Bicycle Safety Programs
Blue Cross and Blue Shield of Vermont has sponsored bike rodeos at hospitals and schools across the state to help teach children safe riding habits. A number of activities and tools prepared by BCBSVT give children a fun and informative experience. For more information about bike rodeos, contact: email@example.com
Bicycling is great exercise for people of all ages. Here are a few smart rules for bicycle safety:
Protect your head: Wear a helmet.
Never ride a bicycle without a helmet. Make sure your helmet fits properly. It should be snug and sit flat on your head. Some helmets come with extra padding that can be used or removed for a proper fit.
Make sure your bicycle is adjusted properly
Adjust your bicycle to fit you. With feet flat on the ground, you should be able to stand comfortably over the tube of your bicycle. Make sure all parts are in good working condition and are securely fastened. Your handlebars and wheels should be straight and should turn easily.
Always check your brakes before riding
Make sure you keep your brakes adjusted properly. Test how well your brakes allow you to control your speed. If they do not allow quick stops, they need adjusted. Check your owner's manual or bring your bicycle to a bicycle shop for professional adjustment.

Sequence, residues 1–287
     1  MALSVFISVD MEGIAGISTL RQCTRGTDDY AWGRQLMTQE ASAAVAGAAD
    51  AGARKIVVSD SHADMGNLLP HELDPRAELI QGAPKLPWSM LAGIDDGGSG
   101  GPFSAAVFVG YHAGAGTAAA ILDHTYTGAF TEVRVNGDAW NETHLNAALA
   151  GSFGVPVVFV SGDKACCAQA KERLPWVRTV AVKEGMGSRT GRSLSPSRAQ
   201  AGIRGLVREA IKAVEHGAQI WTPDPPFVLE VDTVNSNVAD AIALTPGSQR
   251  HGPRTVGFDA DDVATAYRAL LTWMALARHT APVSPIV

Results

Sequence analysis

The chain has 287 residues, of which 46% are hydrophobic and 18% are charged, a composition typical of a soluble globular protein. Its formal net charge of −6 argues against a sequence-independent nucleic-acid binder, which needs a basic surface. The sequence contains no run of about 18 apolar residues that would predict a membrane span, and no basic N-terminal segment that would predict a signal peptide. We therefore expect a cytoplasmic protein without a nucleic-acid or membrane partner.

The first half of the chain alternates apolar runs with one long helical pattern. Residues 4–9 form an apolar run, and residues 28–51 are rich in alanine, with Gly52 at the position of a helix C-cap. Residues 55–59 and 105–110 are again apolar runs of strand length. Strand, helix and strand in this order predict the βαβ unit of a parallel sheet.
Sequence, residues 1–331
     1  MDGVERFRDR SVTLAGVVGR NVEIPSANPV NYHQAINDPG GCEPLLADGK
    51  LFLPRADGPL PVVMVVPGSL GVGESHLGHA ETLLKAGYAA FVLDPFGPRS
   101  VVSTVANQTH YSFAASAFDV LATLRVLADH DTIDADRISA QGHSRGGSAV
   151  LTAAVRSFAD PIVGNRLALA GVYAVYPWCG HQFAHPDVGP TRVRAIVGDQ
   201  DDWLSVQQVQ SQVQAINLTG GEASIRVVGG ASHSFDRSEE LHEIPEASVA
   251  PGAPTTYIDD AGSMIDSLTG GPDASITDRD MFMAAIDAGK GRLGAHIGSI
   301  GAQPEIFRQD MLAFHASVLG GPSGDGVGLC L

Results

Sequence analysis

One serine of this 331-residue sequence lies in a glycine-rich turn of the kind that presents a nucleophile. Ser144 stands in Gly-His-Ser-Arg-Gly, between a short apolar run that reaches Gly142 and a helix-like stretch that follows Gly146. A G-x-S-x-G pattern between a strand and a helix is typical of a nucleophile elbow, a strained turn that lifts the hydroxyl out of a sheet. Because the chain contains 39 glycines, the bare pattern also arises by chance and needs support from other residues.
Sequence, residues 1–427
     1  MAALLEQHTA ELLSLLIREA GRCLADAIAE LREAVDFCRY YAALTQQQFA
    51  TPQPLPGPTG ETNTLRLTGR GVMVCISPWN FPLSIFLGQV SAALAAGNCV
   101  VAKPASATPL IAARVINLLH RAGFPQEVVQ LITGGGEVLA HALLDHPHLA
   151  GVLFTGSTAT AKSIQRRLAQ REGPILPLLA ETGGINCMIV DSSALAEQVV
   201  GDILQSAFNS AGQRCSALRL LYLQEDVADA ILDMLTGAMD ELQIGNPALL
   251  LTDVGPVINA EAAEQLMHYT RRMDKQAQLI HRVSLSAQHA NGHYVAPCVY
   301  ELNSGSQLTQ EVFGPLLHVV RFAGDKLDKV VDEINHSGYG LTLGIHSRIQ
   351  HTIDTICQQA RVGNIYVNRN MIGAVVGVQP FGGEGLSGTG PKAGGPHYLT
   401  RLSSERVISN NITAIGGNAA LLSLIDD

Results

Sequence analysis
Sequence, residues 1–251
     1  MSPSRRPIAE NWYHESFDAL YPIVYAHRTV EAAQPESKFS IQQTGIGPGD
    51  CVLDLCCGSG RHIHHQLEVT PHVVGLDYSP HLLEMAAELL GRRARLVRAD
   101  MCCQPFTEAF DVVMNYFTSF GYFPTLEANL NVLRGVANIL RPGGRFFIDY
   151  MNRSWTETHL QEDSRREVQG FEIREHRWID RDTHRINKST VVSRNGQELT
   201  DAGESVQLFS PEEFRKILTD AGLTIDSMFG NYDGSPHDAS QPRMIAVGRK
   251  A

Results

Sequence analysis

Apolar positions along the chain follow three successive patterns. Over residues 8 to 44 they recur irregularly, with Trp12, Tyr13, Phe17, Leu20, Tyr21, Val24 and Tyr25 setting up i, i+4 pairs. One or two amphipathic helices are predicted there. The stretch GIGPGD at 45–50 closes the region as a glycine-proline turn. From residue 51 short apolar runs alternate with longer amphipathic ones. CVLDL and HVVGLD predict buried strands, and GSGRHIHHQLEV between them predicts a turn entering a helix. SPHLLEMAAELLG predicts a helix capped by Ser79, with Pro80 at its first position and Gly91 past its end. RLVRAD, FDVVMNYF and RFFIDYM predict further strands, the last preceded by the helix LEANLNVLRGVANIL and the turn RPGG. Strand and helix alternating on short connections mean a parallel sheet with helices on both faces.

See and be seen
Always wear bright clothing when riding a bicycle. Make sure you are visible to motorists.
Avoid biking at night
It is much more dangerous to ride at night. If you must ride at night, make sure you wear bright clothing, and wear reflectors on your ankles, wrists, back and helmet. You should also have reflectors on the front and back of your bicycle that are clearly visible; a headlamp and blinking backlight are even better.
Stay alert and aware of obstacles in your path.
Pay close attention to your surroundings. Watch for potholes, cracks, railroad tracks, wet leaves, or anything that could make you lose control. Be extra careful in wet weather, as it is harder to control or stop your bicycle.
Travel with traffic
Always ride on the right side of U.S. roads, in single file and in the same direction as other vehicles. Riding against traffic puts you in danger of getting hit because motorists are not expecting you to ride toward them.
Check for traffic
Before entering a street or intersection, always check for traffic. Always look left-right-left, and then proceed with caution. Watch for vehicles turning left or right.
Obey the traffic laws
Bicycles are considered motor vehicles and must obey all traffic signs and laws. You are less likely to be hit by a motorist if you are following the rules of the road. Make sure you use universal hand signals when turning or stopping. The universal hand signals are:
- Left turn - left arm straight out pointing left
- Right turn - left arm pointed straight up, or right arm straight out pointing right
- Stop - left arm pointed straight down
Content source: U.S. Consumer Product Safety Commission